There are times when news judgment is so bad that it seems to come close to criminal negligence. That is the case with the recent coverage of torture by the news department of The New York Times.
This week, Vice President Richard Cheney said, on the record and on camera to Jonathan Karl of ABC News, that he had personally encouraged and authorized waterboarding and other forms of torture—acts which every American administration since the dawn of the twentieth century has defined as war crimes. Every administration, except the present one.
Here are the key passages of that interview:
KARL: Did you authorize the tactics that were used against Khalid Sheikh Mohammed?
CHENEY: I was aware of the program, certainly, and involved in helping get the process cleared, as the agency in effect came in and wanted to know what they could and couldn’t do. And they talked to me, as well as others, to explain what they wanted to do. And I supported it.
KARL: In hindsight, do you think any of those tactics that were used against Khalid Sheikh Mohammed and others went too far?
CHENEY: I don’t…
KARL: And on KSM, one of those tactics, of course, widely reported was waterboarding. And that seems to be a tactic we no longer use. Even that you think was appropriate?
CHENEY: I do.
The New York Times did not deem any of the vice president’s remarks worthy of mention in its newspaper or on its Web site.
According to Hina Shamsi of the American Civil Liberties Union, more than 160 prisoners have died in U.S. custody during the Bush administration, of which “more than 70 were linked to gross recklessness, abuse, or torture”—in other words, as a direct result of the torture techniques which Cheney has now admitted were personally authorized by him.
As the indispensable Scott Horton of Harper’s explained after the Cheney interview:
[Waterboarding] has been defined as torture by the United States since at least 1903, the first military court-martial. The United States views waterboarding conducted for intelligence purposes during wartime as a war crime, and it has prosecuted both civilian and military figures involved in the chain of approval of its use. Penalties applied have ranged up to the death penalty. The crime is chargeable under the War Crimes Act and under the Anti-Torture Statute. There is no ambiguity or disagreement among serious lawyers on this part, and Cheney’s suggestion that what he did was lawful and vetted is the delusional elevation of political hackery over law.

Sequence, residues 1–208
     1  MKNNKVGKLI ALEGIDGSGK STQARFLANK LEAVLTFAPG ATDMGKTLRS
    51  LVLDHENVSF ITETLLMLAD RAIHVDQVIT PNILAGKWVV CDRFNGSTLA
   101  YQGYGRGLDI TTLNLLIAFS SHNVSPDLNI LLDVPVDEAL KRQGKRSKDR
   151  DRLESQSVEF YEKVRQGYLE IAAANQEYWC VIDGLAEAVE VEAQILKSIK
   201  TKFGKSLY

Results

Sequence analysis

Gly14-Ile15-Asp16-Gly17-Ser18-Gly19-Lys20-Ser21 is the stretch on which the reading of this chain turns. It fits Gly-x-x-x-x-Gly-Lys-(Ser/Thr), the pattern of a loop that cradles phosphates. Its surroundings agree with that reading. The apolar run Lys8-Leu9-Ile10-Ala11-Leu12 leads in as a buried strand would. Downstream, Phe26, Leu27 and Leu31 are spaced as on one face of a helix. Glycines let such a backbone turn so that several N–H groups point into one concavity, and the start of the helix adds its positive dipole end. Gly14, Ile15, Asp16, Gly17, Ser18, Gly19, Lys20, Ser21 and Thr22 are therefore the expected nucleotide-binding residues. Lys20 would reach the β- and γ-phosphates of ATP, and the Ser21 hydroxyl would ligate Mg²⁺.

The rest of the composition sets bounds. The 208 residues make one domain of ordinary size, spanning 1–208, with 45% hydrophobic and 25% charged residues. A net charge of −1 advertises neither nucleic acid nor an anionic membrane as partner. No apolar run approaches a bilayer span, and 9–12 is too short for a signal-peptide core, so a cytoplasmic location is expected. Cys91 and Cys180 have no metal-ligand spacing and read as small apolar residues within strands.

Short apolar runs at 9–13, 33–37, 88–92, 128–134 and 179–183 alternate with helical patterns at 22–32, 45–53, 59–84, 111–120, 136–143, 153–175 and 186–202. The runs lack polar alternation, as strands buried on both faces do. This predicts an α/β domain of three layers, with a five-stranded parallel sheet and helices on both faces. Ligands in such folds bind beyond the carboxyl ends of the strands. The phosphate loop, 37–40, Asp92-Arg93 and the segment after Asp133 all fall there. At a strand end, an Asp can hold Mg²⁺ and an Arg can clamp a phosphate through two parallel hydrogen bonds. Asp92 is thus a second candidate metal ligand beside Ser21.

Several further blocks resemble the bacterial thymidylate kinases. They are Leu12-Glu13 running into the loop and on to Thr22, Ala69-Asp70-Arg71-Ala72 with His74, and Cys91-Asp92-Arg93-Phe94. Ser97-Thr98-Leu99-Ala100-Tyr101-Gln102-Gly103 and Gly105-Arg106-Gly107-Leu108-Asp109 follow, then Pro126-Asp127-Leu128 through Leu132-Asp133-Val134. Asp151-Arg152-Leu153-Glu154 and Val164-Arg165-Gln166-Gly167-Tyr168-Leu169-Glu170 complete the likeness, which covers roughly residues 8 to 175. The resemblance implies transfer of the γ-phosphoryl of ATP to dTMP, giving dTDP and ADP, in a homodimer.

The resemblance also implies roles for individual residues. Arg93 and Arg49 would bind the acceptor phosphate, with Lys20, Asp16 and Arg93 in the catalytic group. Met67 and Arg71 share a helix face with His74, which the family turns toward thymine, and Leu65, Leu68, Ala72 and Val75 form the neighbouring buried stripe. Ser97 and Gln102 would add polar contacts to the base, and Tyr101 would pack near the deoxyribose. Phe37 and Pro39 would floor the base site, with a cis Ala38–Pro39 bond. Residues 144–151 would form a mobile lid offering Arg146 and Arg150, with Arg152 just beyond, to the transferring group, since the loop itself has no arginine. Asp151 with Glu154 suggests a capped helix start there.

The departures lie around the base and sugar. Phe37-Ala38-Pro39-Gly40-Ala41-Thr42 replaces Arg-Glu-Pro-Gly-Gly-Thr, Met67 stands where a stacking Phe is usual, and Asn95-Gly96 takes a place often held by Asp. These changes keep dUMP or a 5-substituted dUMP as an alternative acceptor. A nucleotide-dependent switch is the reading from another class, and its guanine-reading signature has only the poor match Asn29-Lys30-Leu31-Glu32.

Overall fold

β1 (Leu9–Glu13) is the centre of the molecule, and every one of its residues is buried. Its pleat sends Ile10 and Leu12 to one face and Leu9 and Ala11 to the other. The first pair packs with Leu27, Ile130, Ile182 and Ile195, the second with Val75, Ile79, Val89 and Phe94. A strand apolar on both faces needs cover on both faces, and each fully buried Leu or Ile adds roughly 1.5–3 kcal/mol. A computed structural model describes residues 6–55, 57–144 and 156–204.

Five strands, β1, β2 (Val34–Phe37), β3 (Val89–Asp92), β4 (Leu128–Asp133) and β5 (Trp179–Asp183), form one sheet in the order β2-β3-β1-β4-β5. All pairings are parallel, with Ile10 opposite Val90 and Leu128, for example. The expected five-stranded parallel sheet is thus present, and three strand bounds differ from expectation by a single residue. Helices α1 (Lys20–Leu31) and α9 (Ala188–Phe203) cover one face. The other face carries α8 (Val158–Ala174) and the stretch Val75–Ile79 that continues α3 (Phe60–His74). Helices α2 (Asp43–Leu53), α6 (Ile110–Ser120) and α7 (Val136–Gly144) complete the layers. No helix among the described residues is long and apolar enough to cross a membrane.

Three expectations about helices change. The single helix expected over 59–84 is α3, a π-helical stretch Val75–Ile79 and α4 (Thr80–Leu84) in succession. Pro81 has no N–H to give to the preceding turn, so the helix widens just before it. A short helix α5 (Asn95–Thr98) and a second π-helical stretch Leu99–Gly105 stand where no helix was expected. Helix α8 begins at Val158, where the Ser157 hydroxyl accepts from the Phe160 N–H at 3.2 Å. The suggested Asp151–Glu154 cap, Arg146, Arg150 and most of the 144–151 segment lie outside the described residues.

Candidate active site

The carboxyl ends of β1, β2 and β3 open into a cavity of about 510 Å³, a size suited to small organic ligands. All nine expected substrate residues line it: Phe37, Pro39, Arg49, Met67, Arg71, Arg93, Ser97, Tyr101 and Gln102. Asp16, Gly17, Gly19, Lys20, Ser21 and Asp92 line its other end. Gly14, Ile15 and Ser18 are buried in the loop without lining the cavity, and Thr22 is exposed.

As FCP has pointed out many times before, waterboarding was also the favorite torture technique of the Nazi Gestapo during World War II.
Former Nixon White House Counsel John Dean said on Keith Olbermann’s show that Cheney should be prosecuted—especially since he now boasts publicly of his crimes.
I queried New York Times executive editor Bill Keller, Washington bureau chief Dean Baquet, and torture reporters Scott Shane and Mark Mazzetti as to why none of them thought that the vice president’s comments deserved a story—or whether, perhaps, I had missed the story in the Times. I received no reply. I followed up with this message: “I take it from your collective silence that there was no coverage of Cheney’s interview with ABC in the paper or on the website, and, therefore, that you are all in agreement that there was nothing newsworthy about it.” So far no answer to that one, either. (Back in June, retired major general Anthony Taguba wrote “there is no longer any doubt as to whether the current administration has committed war crimes.” The Times also ignored that one.)